Anna Akbari, PhD, is a sociologist, writer, and entrepreneur. She holds a PhD in sociology and has taught at NYU and Parsons. She is the founder of Sociology of Style, an image and life coaching company, and a partner in HVCK, a Silicon Valley innovation consultancy.
She is a frequent public speaker and media personality, and has written for and been featured by Forbes, CNN, The Atlantic, The Economist, TIME, The Financial Times, TED, Bulletproof Executive, New York Observer, DailyWorth, The Huffington Post, and dozens more.
Favorite Success Quote “Happiness is not a goal, it is a byproduct” ~Eleanor Roosevelt
Key Points 1. True Happiness is Never the Goal
All too often in our modern Western culture, people chase happiness.
Happiness is something that they try to attain, it is a goal that they pursue, and in the end, it is this pursuit of happiness that ultimately leads to its demise.
True happiness doesn’t come from simply meditating, chanting a mantra, or looking at yourself in the mirror and saying “I am happy, I am happy, I am happy”.
True happiness is a multifaceted feeling that is derived from creating a multifaceted and fulfilling life.
I want you to imagine two men on their personal growth journey.
Man #1 spends his mornings meditating, screaming incantations about happiness, and journaling about how he wants to feel happy.
He is constantly chasing happiness, but finds that every time he experiences unhappiness, he spirals into a downward plunge thinking to himself “Why am I not happy? What am I doing wrong? Life sucks!”
Man #2 on the other hand, is not concerned with feeling happiness, but rather with creating an optimal life where happiness is the byproduct.
He meditates in the morning, says his affirmations in the mirror, and writes in his journal, sure.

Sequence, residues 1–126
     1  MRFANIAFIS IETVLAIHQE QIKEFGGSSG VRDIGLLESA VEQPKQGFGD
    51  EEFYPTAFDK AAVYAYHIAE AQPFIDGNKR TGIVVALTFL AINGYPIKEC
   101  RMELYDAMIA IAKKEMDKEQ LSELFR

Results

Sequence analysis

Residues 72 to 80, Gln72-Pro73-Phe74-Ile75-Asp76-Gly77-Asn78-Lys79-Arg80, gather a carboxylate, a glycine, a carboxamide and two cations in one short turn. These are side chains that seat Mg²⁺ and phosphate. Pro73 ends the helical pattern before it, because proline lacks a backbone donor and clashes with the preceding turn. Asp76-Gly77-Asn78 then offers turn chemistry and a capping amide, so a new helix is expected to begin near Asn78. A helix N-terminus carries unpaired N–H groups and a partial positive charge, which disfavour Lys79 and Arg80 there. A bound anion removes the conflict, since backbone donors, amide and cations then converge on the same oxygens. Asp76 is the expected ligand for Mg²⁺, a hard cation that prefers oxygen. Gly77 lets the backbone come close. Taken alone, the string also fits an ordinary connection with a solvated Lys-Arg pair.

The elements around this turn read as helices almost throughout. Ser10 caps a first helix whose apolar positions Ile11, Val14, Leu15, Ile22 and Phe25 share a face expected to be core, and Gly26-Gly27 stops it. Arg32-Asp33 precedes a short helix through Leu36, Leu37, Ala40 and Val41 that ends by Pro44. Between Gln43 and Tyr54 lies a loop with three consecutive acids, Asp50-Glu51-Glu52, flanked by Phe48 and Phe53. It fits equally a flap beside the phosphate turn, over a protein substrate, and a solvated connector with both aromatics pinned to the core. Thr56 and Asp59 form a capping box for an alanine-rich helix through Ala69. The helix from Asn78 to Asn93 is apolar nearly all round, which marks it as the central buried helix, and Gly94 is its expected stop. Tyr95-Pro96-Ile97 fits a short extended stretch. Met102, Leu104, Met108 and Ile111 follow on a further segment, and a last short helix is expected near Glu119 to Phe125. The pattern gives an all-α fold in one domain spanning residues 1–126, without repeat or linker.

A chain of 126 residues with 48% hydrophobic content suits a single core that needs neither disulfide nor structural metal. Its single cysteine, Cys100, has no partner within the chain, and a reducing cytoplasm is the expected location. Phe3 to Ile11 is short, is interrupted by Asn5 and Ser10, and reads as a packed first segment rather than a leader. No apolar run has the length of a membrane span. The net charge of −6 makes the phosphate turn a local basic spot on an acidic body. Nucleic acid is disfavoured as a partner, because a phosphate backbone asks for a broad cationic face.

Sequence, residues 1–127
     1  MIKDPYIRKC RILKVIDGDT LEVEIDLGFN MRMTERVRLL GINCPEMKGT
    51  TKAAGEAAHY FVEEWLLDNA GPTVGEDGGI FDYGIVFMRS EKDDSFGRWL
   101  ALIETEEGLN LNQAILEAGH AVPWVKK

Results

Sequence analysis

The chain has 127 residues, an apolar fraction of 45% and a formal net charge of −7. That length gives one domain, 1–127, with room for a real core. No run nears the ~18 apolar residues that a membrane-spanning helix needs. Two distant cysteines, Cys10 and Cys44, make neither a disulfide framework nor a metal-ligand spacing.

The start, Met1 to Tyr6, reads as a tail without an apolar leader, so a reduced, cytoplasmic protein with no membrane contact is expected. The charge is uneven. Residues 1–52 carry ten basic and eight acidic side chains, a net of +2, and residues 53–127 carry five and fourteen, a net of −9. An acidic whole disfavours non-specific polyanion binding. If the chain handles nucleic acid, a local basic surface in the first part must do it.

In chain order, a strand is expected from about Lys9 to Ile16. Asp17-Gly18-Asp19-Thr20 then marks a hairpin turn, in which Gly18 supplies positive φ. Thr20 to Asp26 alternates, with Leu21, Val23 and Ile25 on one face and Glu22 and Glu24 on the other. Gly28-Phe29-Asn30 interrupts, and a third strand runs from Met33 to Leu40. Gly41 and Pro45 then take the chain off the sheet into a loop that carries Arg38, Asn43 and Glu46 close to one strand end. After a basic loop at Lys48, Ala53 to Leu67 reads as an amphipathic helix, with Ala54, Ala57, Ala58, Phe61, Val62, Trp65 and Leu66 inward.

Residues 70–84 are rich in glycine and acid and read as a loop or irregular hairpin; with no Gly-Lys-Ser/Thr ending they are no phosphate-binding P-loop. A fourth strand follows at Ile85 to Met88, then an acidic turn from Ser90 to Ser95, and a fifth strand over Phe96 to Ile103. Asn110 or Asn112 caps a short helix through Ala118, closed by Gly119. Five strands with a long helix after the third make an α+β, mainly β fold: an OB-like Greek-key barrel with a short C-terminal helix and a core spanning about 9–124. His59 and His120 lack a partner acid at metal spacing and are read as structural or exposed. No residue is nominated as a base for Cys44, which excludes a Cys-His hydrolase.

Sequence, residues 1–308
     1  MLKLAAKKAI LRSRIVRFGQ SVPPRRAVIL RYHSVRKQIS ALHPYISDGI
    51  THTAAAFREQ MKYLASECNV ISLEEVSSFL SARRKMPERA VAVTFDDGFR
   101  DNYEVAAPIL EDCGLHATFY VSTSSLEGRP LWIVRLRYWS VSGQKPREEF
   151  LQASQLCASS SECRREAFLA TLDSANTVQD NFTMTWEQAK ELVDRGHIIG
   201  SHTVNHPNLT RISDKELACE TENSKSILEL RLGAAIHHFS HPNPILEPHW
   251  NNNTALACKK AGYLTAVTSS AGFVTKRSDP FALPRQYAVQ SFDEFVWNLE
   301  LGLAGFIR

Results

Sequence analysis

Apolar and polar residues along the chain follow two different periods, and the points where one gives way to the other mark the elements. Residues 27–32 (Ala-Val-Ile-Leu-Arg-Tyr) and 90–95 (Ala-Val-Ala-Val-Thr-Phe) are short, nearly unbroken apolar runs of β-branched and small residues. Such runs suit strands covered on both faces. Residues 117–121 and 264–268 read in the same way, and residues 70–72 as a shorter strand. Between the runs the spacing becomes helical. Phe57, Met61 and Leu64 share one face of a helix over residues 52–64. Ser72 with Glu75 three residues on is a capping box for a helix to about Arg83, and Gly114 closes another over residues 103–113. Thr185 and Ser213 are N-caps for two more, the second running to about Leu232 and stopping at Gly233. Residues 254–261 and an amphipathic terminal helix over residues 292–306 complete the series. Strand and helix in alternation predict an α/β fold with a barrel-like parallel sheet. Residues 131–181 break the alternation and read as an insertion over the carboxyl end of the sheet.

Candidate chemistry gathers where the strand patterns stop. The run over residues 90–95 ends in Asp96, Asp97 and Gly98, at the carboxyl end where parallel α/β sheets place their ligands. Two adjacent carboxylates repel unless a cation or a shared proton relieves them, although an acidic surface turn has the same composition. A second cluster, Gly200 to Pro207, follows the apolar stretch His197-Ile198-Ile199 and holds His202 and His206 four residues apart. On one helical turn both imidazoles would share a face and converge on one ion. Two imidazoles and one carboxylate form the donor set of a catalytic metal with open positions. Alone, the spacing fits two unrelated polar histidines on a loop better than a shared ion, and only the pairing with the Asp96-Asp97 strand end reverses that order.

But he is focused on something bigger.
He is building a business, growing a family, taking care of his body, and putting himself into flow every day.
And as a result of these actions, he experiences true and recurring happiness.
Stop chasing happiness and let it come to you.
2. Develop Your Personal Rulebook
There is an old saying that “Life doesn’t come with an owners manual”.
Life is unpredictable and we are often left confused and clueless about what we should do.
However, the only way that we can truly experience any level of consistency in this crazy thing called life is to hold ourselves (the only thing that we are truly in control of) accountable to our own set or rules and values.
In other words, to create our own personal rule book for what we will allow in our lives and what we won’t, how we will act and how we will not, what we will and will not tolerate, and most importantly, who we will show up as every single day of the week.
Life may not come with an owners manual, but whenver you create rules for your life, you don’t need one.
You don’t have to look outside of yourself for the answer to problems that you face.
Instead, you approach each and every hour, minute, and second of your life through a set of lenses that you have created and determined.
If you have created a rule for yourself that you will prioritize family over finances, then you don’t have to worry about whether you should take the higher paying job or continue working at a lower pay grade so that you can continue spending time with your children.
If you have a personal rule that you do not drink, smoke, or snort cocaine, then you aren’t going to have to wonder whether you should try it “just this once” when you are out with your friends, because you have a set of rules that you abide by.
The thing is, outside of the basic moral fibers that constitute and uphold our society, there are no “wrong” rules.
For some of you, finances might be the biggest priority in your life, for others it might be your health or your spirituality.
Some of you are totally ok having an occasional cigarette and drinking a glass of wine eac